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By Parija Kavilanz | CNN Business
Have you ever wondered how the BlackBerry smartphone got its name? Or how about the Swiffer mop, or the Impossible burger?

Just ask David Placek. For three decades, his company, Lexicon Branding, has been hired by the likes of Intel, Apple, Procter & Gamble and Coca-Cola, to help name hundreds of products and launch corporate rebranding campaigns.

The Sausalito, California-based firm is behind the name for Intels Pentium brand of processors, Apples PowerBook, Coca-Colas Dasani bottled water and many other recognizable brands.

The story behind BlackBerrys name is one of Placeks favorites.

In 1998, Waterloo, Canada-based Research in Motion had reached out to Placek for help naming their new smartphone.

“They had this little rectangular device and were trying to name it for weeks. They were frustrated,” he recalled.

Placek had his team do some field research.

“There was a Starbucks around the corner from us. We held up a sign near it that said we wanted to speak to people who used email regularly. We would pay them with a $10 coupon for five minutes of their time,” he said.

After the team spoke with nearly two dozen people, Placek was able to offer RIMs executives a key insight: “We told them the product name shouldnt stress or elevate their blood pressure, but do the exact opposite and be calming,” he said. “Like a summer vacation or a long walk, or fresh fruit.”

Placek and his team wrote a variety of words on a big sheet of butcher paper. Someone wrote “strawberry.” Another wrote “blackberry.” It caught his attention.

“So I flew to Waterloo and presented the name BlackBerry. The executives thought I was crazy,” he said. “I said it would work because none of their competitors would have had the courage to use BlackBerry as a name.”

The rest is history. RIM officially changed the company name to BlackBerry in 2013.

The value of a good name

The naming process, according to Placek, typically takes around eight weeks and can involve as many as 10 to 12 people working on the creative process and trademark research. Clients pay anywhere from $50,000 to $150,000, depending on the project.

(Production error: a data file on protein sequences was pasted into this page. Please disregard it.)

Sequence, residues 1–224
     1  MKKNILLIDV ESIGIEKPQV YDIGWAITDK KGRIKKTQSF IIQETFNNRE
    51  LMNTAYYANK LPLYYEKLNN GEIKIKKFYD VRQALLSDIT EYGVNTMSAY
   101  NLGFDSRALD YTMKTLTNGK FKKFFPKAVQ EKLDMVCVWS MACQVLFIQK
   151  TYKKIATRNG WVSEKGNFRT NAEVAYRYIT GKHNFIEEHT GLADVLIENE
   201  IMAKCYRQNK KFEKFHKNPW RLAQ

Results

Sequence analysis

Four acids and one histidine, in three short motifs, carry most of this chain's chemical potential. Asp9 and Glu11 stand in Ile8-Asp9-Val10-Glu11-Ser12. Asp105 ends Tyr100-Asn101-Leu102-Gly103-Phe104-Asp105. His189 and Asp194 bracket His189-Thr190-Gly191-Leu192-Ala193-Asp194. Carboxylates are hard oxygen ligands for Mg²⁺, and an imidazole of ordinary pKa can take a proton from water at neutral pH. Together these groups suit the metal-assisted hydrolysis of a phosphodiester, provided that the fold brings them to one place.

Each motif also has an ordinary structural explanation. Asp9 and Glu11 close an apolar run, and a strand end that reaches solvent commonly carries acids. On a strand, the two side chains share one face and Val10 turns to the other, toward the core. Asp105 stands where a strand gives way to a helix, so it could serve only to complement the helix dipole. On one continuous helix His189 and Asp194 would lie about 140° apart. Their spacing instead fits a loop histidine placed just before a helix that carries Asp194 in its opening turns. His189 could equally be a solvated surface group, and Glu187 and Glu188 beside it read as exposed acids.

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In 2015, Melinda Gates investment and incubation firm, Pivotal Ventures, turned to Placek seeking help.

“Lexicon Branding had a very impressive record of clients,” said Catherine St-Laurent, director of brand and special initiatives with Pivotal Ventures.

“The challenge was to capture Melindas goal for the organization to be a force for positive change, to do important work, and to get results,” recalled Placek. His team began brainstorming on names in September 2014 and by the following February, they presented Pivotal Ventures. “The definition of pivotal, meaning of vital or critical importance, was what made us all excited about the name.”

“In the end, Pivotal was the perfect solution.”

The hidden power of “B” and “V”

Back in college, Placek was more of a political junkie than a wordsmith, majoring in political science at the University of California, Los Angeles. “But I did enjoy writing,” he said.

He went to graduate school at Georgetown University. He then took a job in Washington DC, working as a staff member for the US Senate Commerce Committee. After that, he moved to Missouri to write speeches and handle communications for the campaign of a candidate running for Senate.

When that candidate lost, Placek decided to return to California. But instead of politics, he jumped into the advertising industry. “I did ad writing and helped with new product development for clients,” he said.

The advertising experience gave him the idea to launch a business centered exclusively around linguistics that would help companies create names for new products.

“That was our niche.”

Placek launched Lexicon Branding in 1982, self-funding it with $45,000 from his savings and credit cards. Today, his firm is profitable and generates about $8 million in annual revenue.

While Placek himself wasnt an expert in linguistics, he made sure to hire people who were. Among his first employees was Will Leben, a linguistics professor at Stanford University who now oversees the firms in-house linguistics team and network of 90 linguist partners globally. Another early hire, Bob Cohen, helped develop the firms linguistics-based model.

Cohen and Leben helped Placek research the science behind effective names and what makes one name perform better than another in the marketplace. Together, they formulated a three-step creative process to engineer brand names. It involved an area of linguistics called “sound symbolism” — or how the mind processes certain words — and an analysis of letter structures and patterns.

“We always begin with… [identifying] a specific role for the name,” said Placek. A good name, he said, should be easy to process, highly noticeable in its [product] category, and noteworthy. From there, his team conducts preliminary trademark research on a subset of brand name candidates.

A linguistic evaluation of the name follows. Placek said Lexicons network of global linguists complete an initial research evaluation of each brand name and ensure tRead More – Source